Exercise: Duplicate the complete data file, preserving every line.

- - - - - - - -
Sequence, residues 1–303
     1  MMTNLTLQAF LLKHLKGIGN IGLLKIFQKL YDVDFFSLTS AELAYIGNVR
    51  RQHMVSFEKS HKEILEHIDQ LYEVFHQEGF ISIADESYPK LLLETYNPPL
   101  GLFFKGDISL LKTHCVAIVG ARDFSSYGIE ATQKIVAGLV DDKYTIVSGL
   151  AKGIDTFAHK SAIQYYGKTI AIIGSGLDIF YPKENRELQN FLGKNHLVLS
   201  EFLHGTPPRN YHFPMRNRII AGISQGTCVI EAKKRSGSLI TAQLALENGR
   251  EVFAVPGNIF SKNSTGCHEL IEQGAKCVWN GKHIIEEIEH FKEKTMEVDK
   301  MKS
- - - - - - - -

Sequence, residues 1–303
     1  MMTNLTLQAF LLKHLKGIGN IGLLKIFQKL YDVDFFSLTS AELAYIGNVR
    51  RQHMVSFEKS HKEILEHIDQ LYEVFHQEGF ISIADESYPK LLLETYNPPL
   101  GLFFKGDISL LKTHCVAIVG ARDFSSYGIE ATQKIVAGLV DDKYTIVSGL
   151  AKGIDTFAHK SAIQYYGKTI AIIGSGLDIF YPKENRELQN FLGKNHLVLS
   201  EFLHGTPPRN YHFPMRNRII AGISQGTCVI EAKKRSGSLI TAQLALENGR
   251  EVFAVPGNIF SKNSTGCHEL IEQGAKCVWN GKHIIEEIEH FKEKTMEVDK
   301  MKS